Faustin Linyekula’s “In Search of Dinozord,” which opened REDCAT’s season Thursday night, is breathtaking political art. It is breathtaking not because the Congolese dancer, choreographer and theater maker takes your breath away in the colloquial sense with spectacular movement, although he is certainly capable of that. It is breathtaking because he leaves you in awe of, and deeply conscious of, the very act, and meaning, of breathing.
You may find that your lungs don’t function as effortlessly after 90 minutes with “Dinozord” as they did when you entered the black-box theater.
That there is no one like Linyekula making this kind of work is readily evident from the protest art currently grabbing our attention. All of it is a kind of power trip. We can argue about the value of an athlete taking a knee during the national anthem or whether the Guggenheim Museum in New York, under pressure from animal rights groups over a video showing mistreated dogs originally included in an exhibition of recent art from China, is condoning the very censorship that the work protests.
But what is common in these activities, as it is in nearly all political art, is the exertion of power, people taking matters in their own hands. Linyekula does that too — but literally, and in a profoundly and radically different way.
“Dinozord” begins with a blast of electronic music. The dancer stands expressionless on the stage to the far right of the audience. His face is covered in white paint. He is still but for his right hand, which shakes as though a wire went directly from the amplifier to tendons serving as coils of a loudspeaker. All the energy of the sound is absorbed in his body.
Rather than redirecting power, as protest art feels it must do, Linyekula simply soaks it up, bravely, at times violently, and you fear possibly fatally, but never sanctimoniously.
“We do not know where we are going,” proclaims in French the website for Studios Kabako, which Linyekula founded in Kisangani, his hometown in the Democratic Republic of the Congo. “For those who think we’re wasting our time … well … we’re too smart for that.”
“Dinozord” began as Linyekula’s response to the political turmoil in Congo, which forced him into exile in France and elsewhere and resulted in the arrest and death of colleagues. Linyekula reflected on that in a work commissioned in 2006 by Peter Sellars for a festival in Vienna commemorating the 250th anniversary of Mozart’s death. To Linyekula, Mozart’s Requiem, written as the composer was dying in 1791, symbolized his own feeling that he and his Congolese artist colleagues were the last of a tribe.
That tribe does have new life. Studios Kabako, named after a writer who died of bubonic plague trying to escape political repression, is now a vital home to dancers, opera and hip-hop singers, visual artists, writers, actors and, wonderfully, comedians. “Dinozord” has become a work of memory and sadness as well as promise, employing Kabako dancers Jean Kumbonyeki Deba, Papy Ebotani and Yves Mwamba Bakadiasa along with countertenor Serge Kakudji and actor Papy Maurice Mbwiti.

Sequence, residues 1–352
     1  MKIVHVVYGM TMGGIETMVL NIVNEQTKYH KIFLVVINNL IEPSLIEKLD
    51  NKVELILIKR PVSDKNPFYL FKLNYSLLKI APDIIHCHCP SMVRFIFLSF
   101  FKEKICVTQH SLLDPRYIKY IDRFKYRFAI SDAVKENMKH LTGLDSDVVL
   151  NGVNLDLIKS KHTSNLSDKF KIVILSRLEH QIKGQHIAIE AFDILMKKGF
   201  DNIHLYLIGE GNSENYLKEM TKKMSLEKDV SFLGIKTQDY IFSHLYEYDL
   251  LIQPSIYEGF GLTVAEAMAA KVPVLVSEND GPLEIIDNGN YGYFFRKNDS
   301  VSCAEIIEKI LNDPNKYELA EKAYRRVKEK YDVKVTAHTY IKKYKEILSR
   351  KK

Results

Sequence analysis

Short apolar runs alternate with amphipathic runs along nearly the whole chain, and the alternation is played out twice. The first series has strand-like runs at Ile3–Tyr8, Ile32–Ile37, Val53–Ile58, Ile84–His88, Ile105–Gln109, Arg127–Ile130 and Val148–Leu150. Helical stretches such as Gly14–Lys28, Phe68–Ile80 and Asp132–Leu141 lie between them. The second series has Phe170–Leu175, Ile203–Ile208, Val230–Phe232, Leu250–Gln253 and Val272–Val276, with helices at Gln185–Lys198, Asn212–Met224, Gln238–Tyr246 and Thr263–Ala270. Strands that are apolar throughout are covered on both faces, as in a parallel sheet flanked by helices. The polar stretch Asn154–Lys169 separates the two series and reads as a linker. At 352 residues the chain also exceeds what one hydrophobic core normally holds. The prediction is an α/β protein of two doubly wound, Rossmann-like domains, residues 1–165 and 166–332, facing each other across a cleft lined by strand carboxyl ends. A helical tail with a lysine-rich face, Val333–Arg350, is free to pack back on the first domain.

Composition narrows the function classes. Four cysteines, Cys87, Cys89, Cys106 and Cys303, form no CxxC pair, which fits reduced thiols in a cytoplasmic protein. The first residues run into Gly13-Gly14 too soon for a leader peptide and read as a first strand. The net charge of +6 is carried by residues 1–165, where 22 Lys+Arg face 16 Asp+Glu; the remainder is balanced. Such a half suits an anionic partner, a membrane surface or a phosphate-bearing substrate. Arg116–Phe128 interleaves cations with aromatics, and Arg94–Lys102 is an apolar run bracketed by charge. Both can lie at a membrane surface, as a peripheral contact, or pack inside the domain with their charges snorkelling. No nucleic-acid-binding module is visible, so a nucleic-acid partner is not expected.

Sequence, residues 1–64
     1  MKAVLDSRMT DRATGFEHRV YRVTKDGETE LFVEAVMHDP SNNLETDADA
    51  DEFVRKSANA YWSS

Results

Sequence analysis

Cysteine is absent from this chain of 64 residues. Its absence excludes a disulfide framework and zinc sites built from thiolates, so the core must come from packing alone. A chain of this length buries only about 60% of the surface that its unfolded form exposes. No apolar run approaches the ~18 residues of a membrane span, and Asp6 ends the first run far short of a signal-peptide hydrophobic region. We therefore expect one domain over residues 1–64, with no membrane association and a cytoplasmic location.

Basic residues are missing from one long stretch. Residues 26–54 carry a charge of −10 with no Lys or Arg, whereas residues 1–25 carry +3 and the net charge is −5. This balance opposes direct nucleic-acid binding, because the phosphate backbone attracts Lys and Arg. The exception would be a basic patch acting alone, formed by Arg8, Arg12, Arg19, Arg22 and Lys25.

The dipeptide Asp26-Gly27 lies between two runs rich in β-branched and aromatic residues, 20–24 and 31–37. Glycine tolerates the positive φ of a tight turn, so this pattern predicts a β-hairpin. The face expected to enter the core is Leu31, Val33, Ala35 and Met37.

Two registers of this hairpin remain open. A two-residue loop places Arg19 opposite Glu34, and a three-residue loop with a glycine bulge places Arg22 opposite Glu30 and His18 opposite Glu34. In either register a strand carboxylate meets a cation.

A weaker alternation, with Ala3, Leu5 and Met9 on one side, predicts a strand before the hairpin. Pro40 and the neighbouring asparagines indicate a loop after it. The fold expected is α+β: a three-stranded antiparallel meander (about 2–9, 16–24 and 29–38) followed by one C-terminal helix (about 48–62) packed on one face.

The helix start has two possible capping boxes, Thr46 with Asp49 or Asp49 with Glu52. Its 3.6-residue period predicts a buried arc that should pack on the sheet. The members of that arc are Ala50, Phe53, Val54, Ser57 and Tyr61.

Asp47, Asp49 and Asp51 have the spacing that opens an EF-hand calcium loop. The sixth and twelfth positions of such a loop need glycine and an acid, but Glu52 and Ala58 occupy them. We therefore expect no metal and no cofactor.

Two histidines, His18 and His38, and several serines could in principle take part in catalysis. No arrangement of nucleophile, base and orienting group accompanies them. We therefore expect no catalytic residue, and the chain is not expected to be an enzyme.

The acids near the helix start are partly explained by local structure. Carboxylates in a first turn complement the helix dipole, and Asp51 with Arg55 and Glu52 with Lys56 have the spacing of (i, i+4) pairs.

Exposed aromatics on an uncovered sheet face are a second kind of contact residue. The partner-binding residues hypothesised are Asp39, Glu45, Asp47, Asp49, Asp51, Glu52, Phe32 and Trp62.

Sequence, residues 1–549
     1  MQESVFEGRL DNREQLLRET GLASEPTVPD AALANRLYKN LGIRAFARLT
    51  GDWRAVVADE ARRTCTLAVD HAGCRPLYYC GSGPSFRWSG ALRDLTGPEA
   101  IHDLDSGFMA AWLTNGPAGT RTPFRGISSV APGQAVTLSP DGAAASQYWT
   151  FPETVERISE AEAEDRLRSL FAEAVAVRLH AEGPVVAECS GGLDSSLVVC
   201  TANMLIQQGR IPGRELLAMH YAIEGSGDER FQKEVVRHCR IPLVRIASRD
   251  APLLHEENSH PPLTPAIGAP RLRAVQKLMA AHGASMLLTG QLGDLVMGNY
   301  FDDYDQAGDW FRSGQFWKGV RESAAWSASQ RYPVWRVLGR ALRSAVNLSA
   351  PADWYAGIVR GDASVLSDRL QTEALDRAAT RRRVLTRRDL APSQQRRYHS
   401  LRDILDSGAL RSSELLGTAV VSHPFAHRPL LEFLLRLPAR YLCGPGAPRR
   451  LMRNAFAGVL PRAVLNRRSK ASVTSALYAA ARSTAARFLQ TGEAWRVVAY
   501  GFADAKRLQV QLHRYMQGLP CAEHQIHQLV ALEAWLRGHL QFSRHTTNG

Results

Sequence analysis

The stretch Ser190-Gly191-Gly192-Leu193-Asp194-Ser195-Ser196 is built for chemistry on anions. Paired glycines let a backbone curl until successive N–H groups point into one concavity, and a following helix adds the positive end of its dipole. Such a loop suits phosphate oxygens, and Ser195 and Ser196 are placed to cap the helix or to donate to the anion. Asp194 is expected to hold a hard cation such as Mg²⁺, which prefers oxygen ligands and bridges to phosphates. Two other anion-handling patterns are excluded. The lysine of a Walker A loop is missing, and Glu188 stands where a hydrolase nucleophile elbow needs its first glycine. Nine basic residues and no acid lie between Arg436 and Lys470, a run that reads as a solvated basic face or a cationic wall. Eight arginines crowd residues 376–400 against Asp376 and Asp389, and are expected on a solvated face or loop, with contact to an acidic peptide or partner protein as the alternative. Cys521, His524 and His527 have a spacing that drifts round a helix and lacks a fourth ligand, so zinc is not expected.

That reclamation takes many forms. Fragments from Kabako’s writing are contained on torn sheets of paper in a battered red metal suitcase. They fall out, scattered like the ashes of the dead writer, and must be repeatedly collected.
The stories of the artists’ troubles are recounted, also in fragmented fashion, quietly, without anger, by Linyekula and Mbwiti. The music takes its own fragmented forms from recorded bits of Mozart’s Requiem strikingly sung by the Charles Lwanga Choir of Kisangani and organ music by Arvo Pärt. There are also live musical contributions from the forceful Kakudji, who has been attracting much attention in European Baroque music circles, and others. We hear hard-to-bear descriptions of torture. The former political prisoner Antoine Vumilia Muhindo speaks on video.
But through it all, and the essence of it all, is what we call dance, for lack of a better word. Linyekula’s is not the dance of describing music or reacting to music. It is neither the dance of expressing emotion nor the dance of distancing the dancer from motion.
Instead, the dancers swallow music like food and drink. They become inflamed by music as by a drug. And in so doing, they seem to protect us from harm.
“Dinozord” ends with a Kumbonyeki solo danced to Jimi Hendrix’s “Voodoo Chile.” He appears as a puppet of Hendrix, yet at the same time transforming every familiar guitar lick, every vocal inflection so that we no longer know where anything's going. On its own this was the greatest single example of solo dancing I’ve seen in a long time. Only it wasn’t on its own. Linyekula is too smart for that.